Add Your Name To The List Of Local Artists Beautifying LA's Utility Boxes
Across Los Angeles, metal boxes have been turned into blank canvases, and street corners into a disconnected gallery of 5-by-3 murals.
These are approved public artworks, but they aren't always commissioned from experienced, established artists. Anyone can make one, including you.
Councilmember David Ryu oversees District 4's utility box art program, and says that of all the programs his office runs, this one is by far the most popular. "We're running out of utility boxes," Ryu said. "We did it more out of love for art, having more public art, something simple and cheap — but we did not expect the outpouring of support."
Other districts supporting utility box art include CD11 and CD10, while Pasadena, Glendale and Burbank all have their own programs, too. Most give preference to people living within the respective area, but they're open to artists from all over.
The process is straightforward: you draw a mockup of what want to paint, submit it to one of the programs above and get assigned a box.
You could contact a councilmember at any time to get a permit to paint a box — but the utility box programs were created to both expedite the process and to pay artists a stipend that covers supplies (and then some).
"It's not just promoting community art, but it's also showing that art has value" Ryu said.
For Ryu, creating a program like this was a no-brainer. "Why not turn [a] sore spot public structure into something creative, something beautiful, something that neighborhoods could take pride in?" he said.
We talked with five artists about the story behind their boxes and how the art has connected them to their community and the city. Here's what they had to say:
I was born and raised in the States, but both my parents are from Mexico. Mariachi music is something I grew up listening to.
I've always liked the suits that the band members wear. To me, it represented someone professional that took their craft seriously. I wanted to celebrate everything that is good and positive about Mexican culture.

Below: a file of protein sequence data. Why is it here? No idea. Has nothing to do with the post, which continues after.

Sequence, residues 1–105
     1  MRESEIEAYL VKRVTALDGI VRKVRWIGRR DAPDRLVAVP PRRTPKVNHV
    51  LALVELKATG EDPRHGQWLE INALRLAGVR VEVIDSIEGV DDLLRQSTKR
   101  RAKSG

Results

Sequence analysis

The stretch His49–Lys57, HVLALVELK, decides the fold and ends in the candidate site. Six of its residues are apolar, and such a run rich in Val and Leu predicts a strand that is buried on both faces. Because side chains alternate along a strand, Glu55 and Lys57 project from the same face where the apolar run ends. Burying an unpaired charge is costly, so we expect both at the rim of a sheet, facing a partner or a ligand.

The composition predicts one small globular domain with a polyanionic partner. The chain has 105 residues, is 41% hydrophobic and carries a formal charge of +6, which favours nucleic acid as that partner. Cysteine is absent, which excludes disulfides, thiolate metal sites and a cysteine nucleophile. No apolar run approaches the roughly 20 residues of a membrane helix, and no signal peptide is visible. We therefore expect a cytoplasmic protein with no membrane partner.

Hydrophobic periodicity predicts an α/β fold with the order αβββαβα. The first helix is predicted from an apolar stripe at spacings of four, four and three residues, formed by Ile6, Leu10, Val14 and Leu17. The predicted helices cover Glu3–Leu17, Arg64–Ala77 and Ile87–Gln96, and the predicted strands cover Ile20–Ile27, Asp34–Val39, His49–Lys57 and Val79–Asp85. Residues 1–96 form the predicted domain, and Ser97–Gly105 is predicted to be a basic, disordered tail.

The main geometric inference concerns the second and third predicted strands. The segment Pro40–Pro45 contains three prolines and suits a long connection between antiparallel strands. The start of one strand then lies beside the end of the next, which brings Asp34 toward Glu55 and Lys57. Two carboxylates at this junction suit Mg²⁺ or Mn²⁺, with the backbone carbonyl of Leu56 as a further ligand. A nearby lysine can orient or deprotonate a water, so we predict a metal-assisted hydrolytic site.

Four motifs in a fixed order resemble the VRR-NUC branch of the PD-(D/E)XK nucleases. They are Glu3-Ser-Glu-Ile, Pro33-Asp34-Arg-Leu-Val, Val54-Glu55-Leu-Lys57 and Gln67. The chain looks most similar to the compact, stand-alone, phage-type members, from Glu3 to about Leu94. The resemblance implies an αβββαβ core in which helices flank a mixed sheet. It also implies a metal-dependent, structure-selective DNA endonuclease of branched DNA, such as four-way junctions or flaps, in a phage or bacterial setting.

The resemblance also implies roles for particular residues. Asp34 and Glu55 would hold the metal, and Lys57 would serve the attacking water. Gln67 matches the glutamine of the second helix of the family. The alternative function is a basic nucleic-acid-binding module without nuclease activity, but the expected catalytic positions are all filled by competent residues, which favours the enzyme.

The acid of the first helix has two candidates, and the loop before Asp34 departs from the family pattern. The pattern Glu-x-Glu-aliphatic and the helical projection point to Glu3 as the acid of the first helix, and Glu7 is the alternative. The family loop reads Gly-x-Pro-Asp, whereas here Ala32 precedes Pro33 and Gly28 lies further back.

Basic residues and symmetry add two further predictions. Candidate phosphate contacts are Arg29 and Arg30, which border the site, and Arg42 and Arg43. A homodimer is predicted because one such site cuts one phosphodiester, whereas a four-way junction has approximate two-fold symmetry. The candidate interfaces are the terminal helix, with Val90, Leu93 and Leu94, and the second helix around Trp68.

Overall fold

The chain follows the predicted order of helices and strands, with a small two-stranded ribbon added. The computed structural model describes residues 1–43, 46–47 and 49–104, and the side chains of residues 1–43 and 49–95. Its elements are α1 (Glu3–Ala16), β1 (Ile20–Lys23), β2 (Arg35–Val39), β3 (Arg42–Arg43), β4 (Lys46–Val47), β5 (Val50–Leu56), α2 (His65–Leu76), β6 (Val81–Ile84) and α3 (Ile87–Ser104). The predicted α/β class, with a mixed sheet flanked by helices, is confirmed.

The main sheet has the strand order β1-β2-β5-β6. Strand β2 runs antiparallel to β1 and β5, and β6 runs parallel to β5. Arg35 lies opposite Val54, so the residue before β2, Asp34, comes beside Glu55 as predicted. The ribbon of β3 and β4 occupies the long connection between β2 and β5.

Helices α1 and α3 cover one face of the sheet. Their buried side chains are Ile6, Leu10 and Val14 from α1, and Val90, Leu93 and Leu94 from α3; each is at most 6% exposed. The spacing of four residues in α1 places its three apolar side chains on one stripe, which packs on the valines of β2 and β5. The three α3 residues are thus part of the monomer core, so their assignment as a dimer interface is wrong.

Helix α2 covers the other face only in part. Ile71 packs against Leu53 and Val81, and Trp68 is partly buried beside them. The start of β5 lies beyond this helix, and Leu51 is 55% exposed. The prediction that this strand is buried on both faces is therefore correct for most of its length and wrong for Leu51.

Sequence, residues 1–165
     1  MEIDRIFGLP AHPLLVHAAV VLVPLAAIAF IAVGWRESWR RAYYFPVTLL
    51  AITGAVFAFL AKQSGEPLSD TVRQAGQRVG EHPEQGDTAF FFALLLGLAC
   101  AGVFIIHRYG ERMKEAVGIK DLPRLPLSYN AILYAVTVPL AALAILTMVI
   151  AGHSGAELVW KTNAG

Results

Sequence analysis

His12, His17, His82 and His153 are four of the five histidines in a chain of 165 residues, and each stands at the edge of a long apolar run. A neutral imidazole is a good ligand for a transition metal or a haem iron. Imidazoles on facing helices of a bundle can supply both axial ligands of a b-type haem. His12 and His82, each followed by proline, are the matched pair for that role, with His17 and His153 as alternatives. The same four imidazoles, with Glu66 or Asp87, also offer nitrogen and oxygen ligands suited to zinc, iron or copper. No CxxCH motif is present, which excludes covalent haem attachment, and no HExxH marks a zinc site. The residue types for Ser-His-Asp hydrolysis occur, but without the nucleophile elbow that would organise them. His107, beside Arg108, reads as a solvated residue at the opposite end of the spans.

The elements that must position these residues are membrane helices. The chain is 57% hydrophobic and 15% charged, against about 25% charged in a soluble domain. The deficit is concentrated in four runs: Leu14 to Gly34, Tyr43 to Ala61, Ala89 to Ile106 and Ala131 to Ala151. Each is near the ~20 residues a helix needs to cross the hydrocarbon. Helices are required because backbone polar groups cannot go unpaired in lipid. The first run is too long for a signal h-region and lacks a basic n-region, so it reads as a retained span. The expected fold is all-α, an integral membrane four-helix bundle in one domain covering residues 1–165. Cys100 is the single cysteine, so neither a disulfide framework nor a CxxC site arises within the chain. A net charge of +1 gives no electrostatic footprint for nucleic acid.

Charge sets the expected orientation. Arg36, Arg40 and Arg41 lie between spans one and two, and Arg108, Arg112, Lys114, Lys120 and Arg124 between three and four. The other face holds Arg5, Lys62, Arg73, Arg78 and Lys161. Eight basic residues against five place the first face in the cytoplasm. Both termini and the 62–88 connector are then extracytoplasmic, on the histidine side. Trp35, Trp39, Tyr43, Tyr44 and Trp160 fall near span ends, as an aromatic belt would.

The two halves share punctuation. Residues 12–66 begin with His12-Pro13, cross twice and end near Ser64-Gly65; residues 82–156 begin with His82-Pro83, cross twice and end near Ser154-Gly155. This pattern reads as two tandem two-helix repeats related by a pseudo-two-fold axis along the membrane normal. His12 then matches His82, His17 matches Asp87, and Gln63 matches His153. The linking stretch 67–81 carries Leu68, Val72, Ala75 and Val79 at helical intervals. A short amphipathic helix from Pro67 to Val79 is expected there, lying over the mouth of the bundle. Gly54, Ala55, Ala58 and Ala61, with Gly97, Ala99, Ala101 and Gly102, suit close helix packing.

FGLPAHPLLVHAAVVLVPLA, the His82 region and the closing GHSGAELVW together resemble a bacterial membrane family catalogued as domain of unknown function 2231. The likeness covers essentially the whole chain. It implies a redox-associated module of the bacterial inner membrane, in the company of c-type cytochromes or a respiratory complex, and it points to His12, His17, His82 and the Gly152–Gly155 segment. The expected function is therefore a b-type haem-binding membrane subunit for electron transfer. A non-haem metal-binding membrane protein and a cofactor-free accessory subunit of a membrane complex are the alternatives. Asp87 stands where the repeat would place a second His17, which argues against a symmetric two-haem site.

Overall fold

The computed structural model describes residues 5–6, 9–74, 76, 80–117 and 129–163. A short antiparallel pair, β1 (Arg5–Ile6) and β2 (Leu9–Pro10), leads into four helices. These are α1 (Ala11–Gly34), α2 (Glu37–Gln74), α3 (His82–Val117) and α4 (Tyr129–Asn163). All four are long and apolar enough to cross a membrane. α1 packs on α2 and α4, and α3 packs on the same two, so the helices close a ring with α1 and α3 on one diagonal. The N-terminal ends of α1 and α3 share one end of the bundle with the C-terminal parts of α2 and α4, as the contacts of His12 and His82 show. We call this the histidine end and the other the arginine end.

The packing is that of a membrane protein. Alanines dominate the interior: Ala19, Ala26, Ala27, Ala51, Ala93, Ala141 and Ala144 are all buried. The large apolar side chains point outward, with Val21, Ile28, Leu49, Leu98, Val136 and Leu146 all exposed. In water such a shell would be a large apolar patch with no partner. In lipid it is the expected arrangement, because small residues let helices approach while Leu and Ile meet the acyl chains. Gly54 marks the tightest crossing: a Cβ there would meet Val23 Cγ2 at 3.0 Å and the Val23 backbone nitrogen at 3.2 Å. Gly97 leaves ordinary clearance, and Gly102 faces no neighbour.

The characters on the box and in a constant state of performance. Day, night, rain or shine, they are performing. For the neighborhood across the street, for the passersby walking to the grocery store and for the commuter driving up to the gas station to fill up before heading home.
In L.A., it's pretty desolate on many sidewalks. My box is mostly about community, abstracting the human figure, and adding a pop of color and playfulness to that little area.
My work was always very geometric and grid-based, with cold and desaturated colors — but moving to LA put a surge of color and a looseness to my work.
My goal was really just to make the neighborhood nicer-looking, even if it is just on a five-foot box.
This box in particular, is telling the story of what an Angelino may feel from day to day. From one long commute to the next. From meeting one colorful experience to another. We live in a stimulating environment that proposes challenges and rewards that are quite different from any other city out there.
I find that murals bring on a different form of engagement. I am out there on the street interacting with the people and they give off a sense of energy and motivation that you just can't get on your own in an isolated studio setting.
I would hope people can feel the chaos and vibrance in the colors and movement of my painting. It is my abstraction of Los Angeles.
Before I painted it, I walked by that box every day. There's something about the contrast between the two sides on 3rd street — on one side is The Grove and on the other side is an area commonly populated by homeless people — that made me want to bring some love and care to that corner.
I was thinking about fashion and patterns, specifically florals and camouflage, and how it might be interesting to make something that's meant to hide in plain sight very, very visible.
I tend to gravitate towards organic shapes and patterns in my work. The goal was to add some color to a pretty drab street corner so I didn't want to overthink it. People passing by were really supportive and excited about the box art. While I was painting it, a few seniors came up to say thanks, which was so sweet! I also remember a car full of young girls giving me the thumbs up. I hope it brings some color and warmth to their day.
Mid City is where I was born and raised, so it's had its effect on me and my art. Growing up, art helped me stay focused amongst all the chaos in my neighborhood as a kid.
All my boxes carry stories — this one is meant to convey the feel of our city's style, vibe and beauty.
I truly just want to invoke more creativity in this world with all my art. Above all, I hope it makes people smile.